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tom0511

my S has been neglected too long

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It is all about how much dynamic range you have. Film naturally have nonlinear response to light, so over expose means the film can handle much wider DR scene without clipping. (But it is nonlinear response means it has no real unlimited DR it gives impression for)
 

given enough DR in digital, you can always underexposure image and bring shadow back, in the mean time to apply nonlinear film simulation on highlight With process to have film look. 
 

Unfortunately, digital has not reach there yet. 

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John -- one thing I find myself doing more often than not is to make my own highlight shoulder in lightroom. This usually means after I find a balanced exposure level, and I often pull down the highlight slider and push the white slider back up. The has the effect of taking the majority of highlights down, while still having a true white. In effect, you are increasing the tonal separation in the highlights. This is something you kind of have to do by eye, not something that can be used as a preset. It is a good technique for increasing texture and depth to clouds or white buildings/objects without making them look too grey.

 I also tend to adjust the black and white sliders to control contrast rather than use the contrast slider...I find the separation makes it easier to dial in the correct levels. It is also often helpful to start with a more neutral profile. I tend not to like Adobe's profiles, so I stick with the embedded profile for the S (which is saturated, but lovely). For other cameras I often use the Camera Natural setting. This profile in the Panasonic S1 is fantastic, actually...I have an X100F and often use Fuji's Negative Film Standard as a starting point for those edits. Adobe also has a neutral profile that is very flat and a good starting off point if you plan to do extensive edits. There are no shortage of film look presets, but none of them were all that convincing to me. If you are interested in black and white, the one that got the closest for me was True Grain. I do not like all aspects of it, but if you set the largest film sizes and dial back the grain, turn off their characteristic curve, it can be extremely convincing.

In general, digital behaves a lot more like slide film, only with much greater dynamic range. Negative film has the attribute that ZHNL describes, but slide film is most sensitive to exposure, has the most saturated color etc, but being a transmissive positive, when on a lightbox or projected, it has a life and vibrancy to it that is nearly impossible to reproduce by any other photographic method.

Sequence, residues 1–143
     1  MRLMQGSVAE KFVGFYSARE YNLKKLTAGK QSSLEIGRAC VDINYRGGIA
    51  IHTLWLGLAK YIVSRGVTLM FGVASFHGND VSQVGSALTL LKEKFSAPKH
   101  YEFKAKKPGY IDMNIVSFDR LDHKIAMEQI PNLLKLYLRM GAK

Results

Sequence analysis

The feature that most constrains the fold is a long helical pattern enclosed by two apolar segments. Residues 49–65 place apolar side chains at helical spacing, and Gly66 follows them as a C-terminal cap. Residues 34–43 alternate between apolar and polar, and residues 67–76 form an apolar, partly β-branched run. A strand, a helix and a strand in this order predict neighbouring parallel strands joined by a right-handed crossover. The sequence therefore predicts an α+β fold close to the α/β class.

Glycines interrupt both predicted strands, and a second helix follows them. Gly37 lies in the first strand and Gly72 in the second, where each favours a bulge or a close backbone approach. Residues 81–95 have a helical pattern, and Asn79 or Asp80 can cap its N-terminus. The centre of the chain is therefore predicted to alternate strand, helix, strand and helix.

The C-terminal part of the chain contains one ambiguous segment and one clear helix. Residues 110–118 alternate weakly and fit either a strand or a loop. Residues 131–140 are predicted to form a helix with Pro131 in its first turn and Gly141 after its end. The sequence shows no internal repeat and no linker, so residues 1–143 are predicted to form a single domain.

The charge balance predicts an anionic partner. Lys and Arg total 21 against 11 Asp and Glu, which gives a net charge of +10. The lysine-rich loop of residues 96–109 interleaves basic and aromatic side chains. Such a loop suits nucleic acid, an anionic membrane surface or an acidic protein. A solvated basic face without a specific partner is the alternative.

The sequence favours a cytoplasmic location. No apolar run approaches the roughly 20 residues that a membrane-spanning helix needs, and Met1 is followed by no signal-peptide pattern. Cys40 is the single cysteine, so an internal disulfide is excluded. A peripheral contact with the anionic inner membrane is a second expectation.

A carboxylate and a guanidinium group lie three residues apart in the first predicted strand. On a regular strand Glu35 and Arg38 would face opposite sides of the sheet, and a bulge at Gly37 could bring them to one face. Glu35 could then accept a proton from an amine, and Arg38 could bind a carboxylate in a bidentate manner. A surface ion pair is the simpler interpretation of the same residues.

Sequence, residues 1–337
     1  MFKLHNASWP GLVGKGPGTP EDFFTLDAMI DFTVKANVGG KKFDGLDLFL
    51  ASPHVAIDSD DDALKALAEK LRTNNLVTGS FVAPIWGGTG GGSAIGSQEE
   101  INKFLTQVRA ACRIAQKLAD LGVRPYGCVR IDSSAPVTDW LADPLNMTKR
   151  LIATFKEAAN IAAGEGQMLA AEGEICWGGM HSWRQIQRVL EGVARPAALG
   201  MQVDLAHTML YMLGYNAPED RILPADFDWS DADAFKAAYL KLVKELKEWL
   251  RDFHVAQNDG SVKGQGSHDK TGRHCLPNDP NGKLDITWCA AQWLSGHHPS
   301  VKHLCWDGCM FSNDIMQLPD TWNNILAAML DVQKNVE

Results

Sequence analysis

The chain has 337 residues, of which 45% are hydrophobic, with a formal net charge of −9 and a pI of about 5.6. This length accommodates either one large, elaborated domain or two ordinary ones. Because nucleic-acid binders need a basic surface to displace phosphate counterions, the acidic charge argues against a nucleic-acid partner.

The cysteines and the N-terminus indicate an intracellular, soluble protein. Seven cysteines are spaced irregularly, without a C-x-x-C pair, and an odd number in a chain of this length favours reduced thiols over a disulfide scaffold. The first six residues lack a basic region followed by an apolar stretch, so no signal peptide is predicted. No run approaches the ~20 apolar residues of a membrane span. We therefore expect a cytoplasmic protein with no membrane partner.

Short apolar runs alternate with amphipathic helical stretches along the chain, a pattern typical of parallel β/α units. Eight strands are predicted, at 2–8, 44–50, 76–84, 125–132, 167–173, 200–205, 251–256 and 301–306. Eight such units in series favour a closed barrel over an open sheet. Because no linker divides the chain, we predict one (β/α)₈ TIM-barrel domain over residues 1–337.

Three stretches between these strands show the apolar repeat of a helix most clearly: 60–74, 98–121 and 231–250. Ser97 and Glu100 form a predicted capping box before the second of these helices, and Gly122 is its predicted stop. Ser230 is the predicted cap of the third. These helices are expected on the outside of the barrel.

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+1, Stuart, you just saved me a response to ZNHL.

And I agree that each image is different; no fixed set of rules.  The most important tools in photography... shooting or printing; film or digital.... are between the ears.  There is no substitute for a good eye and good judgment.  Anyone can learn techniques, but the hard part is knowing when, where and to what degree to apply those techniques.  That’s why our results aren’t all the same, thankfully.

Jeff

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I totally agree. In the same vein, I have learned so much by working for others...it is one thing learning the techniques to process your own photos, but when you have to work for others and execute THEIR vision, you have to develop a different way of working, which in turn makes it much easier to look at your own work objectively. A decade of working for other artists completely changed my own practice, and I would like to say that it has done so for the better.

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I find it hard to post here due to the 500kb limit, but I have an instagram where many of my images are located. @stuartrichardsonphotography

My more finished work is at my website. But here is one photo here at least. This is a composite of 3 different photos of a tree, which I took with the 006. It is the same tree photographed from three different sides, then composited together to create a sculpture. I used True Grain to provide a more realistic grain pattern, as I was blending the image in with a lot of 6x7 and 4x5 black and white film images in my book. 

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On 10/11/2019 at 8:27 AM, tom0511 said:

With all that GAS going on....x1d because S was too big, SL because of faster AF and zooms, S1r to have more resolution,.... I just realized that in the end the S has been the one camera which gave me overall the most satisfying results and unser interface overall (viewfinder/simple UI/file quality).

If you read to much in the internet - there is the risk to focus too much on the new toys only, and starting to believe the S is outdated. I think it is not. While I wish body and lenses were smaller, the rendering of the lenses is excellent. Compared to the new SL lenses the S lenses even have a distance scale. While for the big big printers 36MP might not be enough, for my use it is kind of a sweet compromise between 24 and 47 MP.

So what...just got it out of my shelve, put the dust away, loaded the battery, packed my messenger bag with the S007+70+24.